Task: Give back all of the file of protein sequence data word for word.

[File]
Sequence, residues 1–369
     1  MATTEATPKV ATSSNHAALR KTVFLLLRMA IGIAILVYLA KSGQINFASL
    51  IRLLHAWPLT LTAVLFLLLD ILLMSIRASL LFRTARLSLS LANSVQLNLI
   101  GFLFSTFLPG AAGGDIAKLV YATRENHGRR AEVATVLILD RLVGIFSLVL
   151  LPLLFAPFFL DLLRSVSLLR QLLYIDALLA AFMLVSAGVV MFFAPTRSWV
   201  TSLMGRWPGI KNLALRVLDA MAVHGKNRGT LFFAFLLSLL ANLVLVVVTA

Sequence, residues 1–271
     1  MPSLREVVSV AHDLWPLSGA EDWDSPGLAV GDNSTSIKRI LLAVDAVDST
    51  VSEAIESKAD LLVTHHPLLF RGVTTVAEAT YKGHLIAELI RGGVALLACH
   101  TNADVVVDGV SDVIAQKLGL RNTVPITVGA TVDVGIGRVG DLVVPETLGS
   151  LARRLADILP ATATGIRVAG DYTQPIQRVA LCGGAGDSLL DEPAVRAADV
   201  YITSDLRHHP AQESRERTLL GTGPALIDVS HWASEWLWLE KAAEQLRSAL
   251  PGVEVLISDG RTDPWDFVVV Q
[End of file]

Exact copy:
Sequence, residues 1–369
     1  MATTEATPKV ATSSNHAALR KTVFLLLRMA IGIAILVYLA KSGQINFASL
    51  IRLLHAWPLT LTAVLFLLLD ILLMSIRASL LFRTARLSLS LANSVQLNLI
   101  GFLFSTFLPG AAGGDIAKLV YATRENHGRR AEVATVLILD RLVGIFSLVL
   151  LPLLFAPFFL DLLRSVSLLR QLLYIDALLA AFMLVSAGVV MFFAPTRSWV
   201  TSLMGRWPGI KNLALRVLDA MAVHGKNRGT LFFAFLLSLL ANLVLVVVTA

Sequence, residues 1–271
     1  MPSLREVVSV AHDLWPLSGA EDWDSPGLAV GDNSTSIKRI LLAVDAVDST
    51  VSEAIESKAD LLVTHHPLLF RGVTTVAEAT YKGHLIAELI RGGVALLACH
   101  TNADVVVDGV SDVIAQKLGL RNTVPITVGA TVDVGIGRVG DLVVPETLGS
   151  LARRLADILP ATATGIRVAG DYTQPIQRVA LCGGAGDSLL DEPAVRAADV
   201  YITSDLRHHP AQESRERTLL GTGPALIDVS HWASEWLWLE KAAEQLRSAL
   251  PGVEVLISDG RTDPWDFVVV Q